6. Preserving heritage – with over 1,000 buildings of historical significance registered as 'at risk' by English Heritage, developers are seizing the opportunity to restore, refurbish and change the use of existing buildings. In many instances these changes are considered material under the Building Regulations, which in many instances means that such projects are either expected to comply with contemporary guidance or to demonstrate compliance via alternative means. Regarding the former, there is the obvious trial of demonstrating that a historical building can meet the expectations of documents such as BS 9999, whilst preserving heritage and satisfying conservation officers. Herein lies a considerable challenge (and opportunity) for the structural fire engineer, where many dated buildings are constructed with little, if any, passive protection measures but with serious constraints regarding possible remedial works.
Goals of the SIG
As the aspirations of building and infrastructure design advance ever further, it is essential for safe and sustainable development that rational and holistic, science-based fire resistance design (encompassing structural fire engineering) is established as an integrated core design discipline. The Fire Resistance SIG intends to lead the way in achieving this primary objective by engaging and educating key stakeholders and wider design team members of the above (and other) merits of a co-ordinated approach to structural fire resistance design. The group remit also extends to the identification of areas requiring guidance and, where appropriate, facilitating necessary research and the development of new guidance in relevant subject areas.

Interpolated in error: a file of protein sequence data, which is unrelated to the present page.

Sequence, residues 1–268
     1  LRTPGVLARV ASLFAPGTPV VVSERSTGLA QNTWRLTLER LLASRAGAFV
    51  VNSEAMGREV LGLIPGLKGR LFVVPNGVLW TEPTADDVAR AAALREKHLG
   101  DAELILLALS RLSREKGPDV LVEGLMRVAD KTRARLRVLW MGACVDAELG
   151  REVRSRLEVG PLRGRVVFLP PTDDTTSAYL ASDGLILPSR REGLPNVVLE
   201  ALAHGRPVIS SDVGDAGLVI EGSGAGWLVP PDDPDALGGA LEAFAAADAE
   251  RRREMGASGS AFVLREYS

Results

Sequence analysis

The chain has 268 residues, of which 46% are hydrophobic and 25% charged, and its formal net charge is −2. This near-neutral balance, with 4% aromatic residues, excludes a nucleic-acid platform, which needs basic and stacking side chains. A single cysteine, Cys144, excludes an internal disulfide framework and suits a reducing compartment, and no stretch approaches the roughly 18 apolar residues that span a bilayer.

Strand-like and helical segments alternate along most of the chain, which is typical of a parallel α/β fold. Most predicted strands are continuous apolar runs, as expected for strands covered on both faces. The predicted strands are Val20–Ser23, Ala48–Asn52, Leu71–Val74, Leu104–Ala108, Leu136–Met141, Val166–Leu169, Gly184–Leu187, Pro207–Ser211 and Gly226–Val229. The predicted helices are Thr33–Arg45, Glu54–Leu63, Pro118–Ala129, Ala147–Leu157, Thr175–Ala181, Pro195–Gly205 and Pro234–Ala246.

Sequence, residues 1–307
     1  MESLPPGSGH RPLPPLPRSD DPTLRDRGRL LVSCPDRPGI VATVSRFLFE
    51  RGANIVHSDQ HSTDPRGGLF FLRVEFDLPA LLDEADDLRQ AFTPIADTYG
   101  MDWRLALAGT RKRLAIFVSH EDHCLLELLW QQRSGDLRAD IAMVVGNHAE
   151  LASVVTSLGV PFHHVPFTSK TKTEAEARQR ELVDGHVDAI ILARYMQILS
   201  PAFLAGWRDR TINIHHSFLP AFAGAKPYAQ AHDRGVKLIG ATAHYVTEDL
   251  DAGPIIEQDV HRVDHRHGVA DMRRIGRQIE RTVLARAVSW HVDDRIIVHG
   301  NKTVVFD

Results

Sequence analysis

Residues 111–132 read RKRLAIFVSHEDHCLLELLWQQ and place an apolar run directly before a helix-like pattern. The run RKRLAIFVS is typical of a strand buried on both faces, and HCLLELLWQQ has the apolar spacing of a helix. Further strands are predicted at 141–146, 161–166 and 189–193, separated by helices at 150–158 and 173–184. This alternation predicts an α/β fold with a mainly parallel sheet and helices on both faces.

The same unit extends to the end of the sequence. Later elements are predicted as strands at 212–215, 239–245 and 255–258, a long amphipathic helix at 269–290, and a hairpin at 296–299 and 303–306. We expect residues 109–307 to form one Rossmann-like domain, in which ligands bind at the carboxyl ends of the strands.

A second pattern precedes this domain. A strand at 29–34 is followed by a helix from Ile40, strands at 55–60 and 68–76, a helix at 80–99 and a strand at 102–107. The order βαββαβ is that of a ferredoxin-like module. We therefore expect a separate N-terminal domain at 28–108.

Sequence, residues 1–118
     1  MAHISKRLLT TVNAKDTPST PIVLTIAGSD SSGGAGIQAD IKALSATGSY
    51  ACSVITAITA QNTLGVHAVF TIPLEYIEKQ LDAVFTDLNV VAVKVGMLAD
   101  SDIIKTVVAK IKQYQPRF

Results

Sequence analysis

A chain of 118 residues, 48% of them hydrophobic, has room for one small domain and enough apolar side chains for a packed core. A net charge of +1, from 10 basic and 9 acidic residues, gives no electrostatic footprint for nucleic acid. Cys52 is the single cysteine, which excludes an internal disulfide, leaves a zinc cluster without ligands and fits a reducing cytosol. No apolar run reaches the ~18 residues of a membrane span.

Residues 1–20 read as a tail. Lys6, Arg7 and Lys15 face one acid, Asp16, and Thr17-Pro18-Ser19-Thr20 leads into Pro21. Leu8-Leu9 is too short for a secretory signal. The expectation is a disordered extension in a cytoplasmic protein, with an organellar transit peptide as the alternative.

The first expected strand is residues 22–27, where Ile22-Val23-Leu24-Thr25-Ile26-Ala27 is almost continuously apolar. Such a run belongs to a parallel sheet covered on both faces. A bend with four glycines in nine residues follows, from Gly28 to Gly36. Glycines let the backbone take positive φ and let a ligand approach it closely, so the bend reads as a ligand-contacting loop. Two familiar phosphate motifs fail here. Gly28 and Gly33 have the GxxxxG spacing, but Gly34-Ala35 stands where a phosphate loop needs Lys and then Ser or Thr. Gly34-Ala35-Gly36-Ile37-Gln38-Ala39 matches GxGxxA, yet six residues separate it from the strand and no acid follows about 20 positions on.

The initial aspiration of the special interest group is to undertake a fundamental review of structural fire resistance design leading to a best-practice white paper entitled 'Whole Life Fire Resistance.' It is the intention of the SIG to review, at a high level:
l the aspirations of clients, architects and structural engineers
l the goals of end users
l the expectations of the fire and rescue service with regards firefighting operations
l the differences in societal fire resistance expectations between nations and regions
l the impact that base build strategy decisions have on fit out flexibility and later life alterations.
l The impact that advanced fire engineering processes can have on:
l the constructability of a structure
l the ongoing fire safety management and maintenance of an asset
l the insurability of an asset
l the sustainability of a building's fire protection package
l a building's robustness, both in terms of losses and operational continuity
l the extent to which remedial works are necessary should a fire occur, and
l how the intentions of designers are interpreted, varied and applied in practice by contractors and specialist sub-contractors.
A Dedicated Stakeholder Working Group
The steering panel members are not equipped to address the above points without supporting expertise from co-opted members. Therefore, it is the intention of the SIG to form a dedicated working group to support its activities. The SIG steering panel would be very pleased to hear from interested participants (via email to the SIG Chair at [email protected]). In addition to the SIG steering panel membership, the working group will comprise (as a minimum):